Current Operations

In 2016, the Company completed the technical work on seven sub-salt prospects and has declared these to be drill ready. The Phase I drilling program consists of seven planned test wells and the Company estimates the current cost to drill these wells to be between $150 and $180 million. The recoverable resource potential of the Phase I program is estimated to be more than 800 mmboe (million barrels oil equivalent) on a gross (100% working interest) and unrisked basis. Additional prospects are expected to be advanced to the drill ready stage through new seismic reprocessing and/or additional seismic acquisition. The Company continues to be active in the evaluation of potential mergers and acquisitions that it deems to be attractive opportunities. Any such merger or acquisition is likely to be financed through a combination of debt and equity.

 

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As a result of the extensive reprocessing and mapping of its licensed 3D seismic data, the Company has also developed two shallow depth prospects with drilling depths of approximately 5,000 feet. In May 2016, the Company entered into a letter of intent (the “LOI”) with Texas South that sets out the terms and conditions of a proposed farm-out arrangement (the “Farm-out”) to develop these shallow-depth oil and gas prospects located on offshore Gulf of Mexico blocks currently leased by the Company. Through December 31, 2016 the Company received $400,000 under the terms of the LOI. In accordance with full cost requirements, the Company recorded the proceeds from the transaction as an adjustment to the capitalized costs of its oil & gas properties with no gain or loss recognition. The Company also received lease rental reimbursements of $63,147 under the terms of this letter of intent.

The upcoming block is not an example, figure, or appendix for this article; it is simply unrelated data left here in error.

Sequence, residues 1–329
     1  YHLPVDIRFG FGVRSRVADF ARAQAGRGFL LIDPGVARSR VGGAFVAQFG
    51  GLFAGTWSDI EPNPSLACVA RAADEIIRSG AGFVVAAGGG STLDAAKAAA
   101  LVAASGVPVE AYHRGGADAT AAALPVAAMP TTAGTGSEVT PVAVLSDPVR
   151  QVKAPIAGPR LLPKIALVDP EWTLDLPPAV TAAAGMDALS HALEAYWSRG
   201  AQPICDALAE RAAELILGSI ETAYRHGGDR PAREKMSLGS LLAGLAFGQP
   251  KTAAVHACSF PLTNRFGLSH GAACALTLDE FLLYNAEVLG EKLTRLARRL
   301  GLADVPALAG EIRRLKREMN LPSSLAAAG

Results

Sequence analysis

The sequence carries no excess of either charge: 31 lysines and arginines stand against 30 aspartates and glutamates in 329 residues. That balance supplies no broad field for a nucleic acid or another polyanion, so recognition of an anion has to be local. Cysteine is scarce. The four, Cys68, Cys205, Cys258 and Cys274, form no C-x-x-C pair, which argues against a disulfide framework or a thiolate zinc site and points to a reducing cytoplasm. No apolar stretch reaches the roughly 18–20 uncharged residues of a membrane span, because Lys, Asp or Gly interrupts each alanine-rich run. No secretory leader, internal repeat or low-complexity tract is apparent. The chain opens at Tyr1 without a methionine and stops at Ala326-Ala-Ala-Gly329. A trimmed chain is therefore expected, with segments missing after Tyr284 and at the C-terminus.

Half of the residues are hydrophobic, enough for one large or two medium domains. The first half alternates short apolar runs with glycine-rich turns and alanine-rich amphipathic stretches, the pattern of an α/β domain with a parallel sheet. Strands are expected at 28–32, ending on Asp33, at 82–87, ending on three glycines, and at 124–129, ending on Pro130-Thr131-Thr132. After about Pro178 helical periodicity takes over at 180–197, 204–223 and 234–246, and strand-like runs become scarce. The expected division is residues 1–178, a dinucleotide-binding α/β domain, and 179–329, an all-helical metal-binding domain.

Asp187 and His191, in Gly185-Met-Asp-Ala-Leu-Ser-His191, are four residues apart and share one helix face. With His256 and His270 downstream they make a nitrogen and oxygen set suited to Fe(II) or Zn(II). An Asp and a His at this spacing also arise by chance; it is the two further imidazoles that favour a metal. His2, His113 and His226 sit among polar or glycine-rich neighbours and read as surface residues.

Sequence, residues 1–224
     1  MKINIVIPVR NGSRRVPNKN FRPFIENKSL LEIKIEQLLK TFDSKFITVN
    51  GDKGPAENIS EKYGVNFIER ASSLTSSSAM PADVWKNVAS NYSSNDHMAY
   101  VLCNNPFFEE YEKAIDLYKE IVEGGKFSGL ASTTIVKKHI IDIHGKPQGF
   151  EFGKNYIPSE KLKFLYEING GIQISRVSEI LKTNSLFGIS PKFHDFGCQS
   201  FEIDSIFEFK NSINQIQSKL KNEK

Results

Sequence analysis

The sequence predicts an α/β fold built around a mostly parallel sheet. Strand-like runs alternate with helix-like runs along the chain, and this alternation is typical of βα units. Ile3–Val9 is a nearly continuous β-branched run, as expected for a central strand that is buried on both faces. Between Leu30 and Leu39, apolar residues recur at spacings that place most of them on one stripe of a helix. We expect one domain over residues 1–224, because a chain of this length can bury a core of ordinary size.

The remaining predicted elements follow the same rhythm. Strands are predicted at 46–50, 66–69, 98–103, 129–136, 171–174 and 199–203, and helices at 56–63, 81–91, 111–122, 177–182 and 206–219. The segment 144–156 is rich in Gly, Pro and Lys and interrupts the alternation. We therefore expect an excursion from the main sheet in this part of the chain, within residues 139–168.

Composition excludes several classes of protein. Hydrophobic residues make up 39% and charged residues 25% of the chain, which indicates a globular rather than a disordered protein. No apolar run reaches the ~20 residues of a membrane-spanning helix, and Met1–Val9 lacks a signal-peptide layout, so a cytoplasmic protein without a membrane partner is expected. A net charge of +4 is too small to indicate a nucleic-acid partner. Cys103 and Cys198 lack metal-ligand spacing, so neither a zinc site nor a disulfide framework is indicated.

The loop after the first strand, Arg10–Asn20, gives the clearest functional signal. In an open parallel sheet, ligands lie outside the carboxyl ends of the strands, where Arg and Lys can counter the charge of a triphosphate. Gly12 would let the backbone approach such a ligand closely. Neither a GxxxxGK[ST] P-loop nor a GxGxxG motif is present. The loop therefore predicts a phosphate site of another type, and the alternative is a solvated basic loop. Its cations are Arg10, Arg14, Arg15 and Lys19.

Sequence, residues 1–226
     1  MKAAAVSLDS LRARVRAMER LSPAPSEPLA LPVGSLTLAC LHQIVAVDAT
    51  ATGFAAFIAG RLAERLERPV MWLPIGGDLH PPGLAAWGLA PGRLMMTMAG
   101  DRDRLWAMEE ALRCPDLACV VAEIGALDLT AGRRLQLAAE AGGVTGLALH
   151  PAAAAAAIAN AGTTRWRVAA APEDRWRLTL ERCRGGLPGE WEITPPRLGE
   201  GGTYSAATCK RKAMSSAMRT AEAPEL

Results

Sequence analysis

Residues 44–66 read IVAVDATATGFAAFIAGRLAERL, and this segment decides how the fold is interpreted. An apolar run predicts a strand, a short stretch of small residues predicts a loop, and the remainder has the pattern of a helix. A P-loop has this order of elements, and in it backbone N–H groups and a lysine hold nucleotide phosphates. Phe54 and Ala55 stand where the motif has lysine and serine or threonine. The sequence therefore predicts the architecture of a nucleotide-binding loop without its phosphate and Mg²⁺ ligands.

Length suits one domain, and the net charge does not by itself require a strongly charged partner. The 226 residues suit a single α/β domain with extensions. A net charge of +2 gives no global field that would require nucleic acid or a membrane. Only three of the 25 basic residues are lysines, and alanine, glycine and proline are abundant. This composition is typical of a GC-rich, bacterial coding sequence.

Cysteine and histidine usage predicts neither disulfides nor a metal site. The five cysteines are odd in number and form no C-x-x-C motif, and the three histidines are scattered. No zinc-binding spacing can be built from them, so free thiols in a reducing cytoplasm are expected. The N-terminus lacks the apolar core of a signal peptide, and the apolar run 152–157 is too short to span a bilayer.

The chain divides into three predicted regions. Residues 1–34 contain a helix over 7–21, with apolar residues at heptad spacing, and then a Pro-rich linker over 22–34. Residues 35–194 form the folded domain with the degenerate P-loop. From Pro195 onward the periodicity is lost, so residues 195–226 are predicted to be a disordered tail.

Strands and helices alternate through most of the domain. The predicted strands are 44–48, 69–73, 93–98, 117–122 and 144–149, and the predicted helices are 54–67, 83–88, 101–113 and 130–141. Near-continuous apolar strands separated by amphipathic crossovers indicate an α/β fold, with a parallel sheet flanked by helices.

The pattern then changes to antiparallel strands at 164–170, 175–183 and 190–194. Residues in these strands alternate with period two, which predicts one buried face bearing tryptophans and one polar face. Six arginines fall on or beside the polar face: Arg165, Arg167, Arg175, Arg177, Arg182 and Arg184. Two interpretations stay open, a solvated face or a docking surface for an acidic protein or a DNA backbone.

The Company has taken the preliminary steps to enable drilling operations to commence in 2017 for both the shallow and Phase I programs and plans to use consultants who are experienced in drilling and operations in the GOM. Accordingly, the Company has provided a draft of its Master Service Agreement (MSA) to potential vendors and solicited bids for essential services.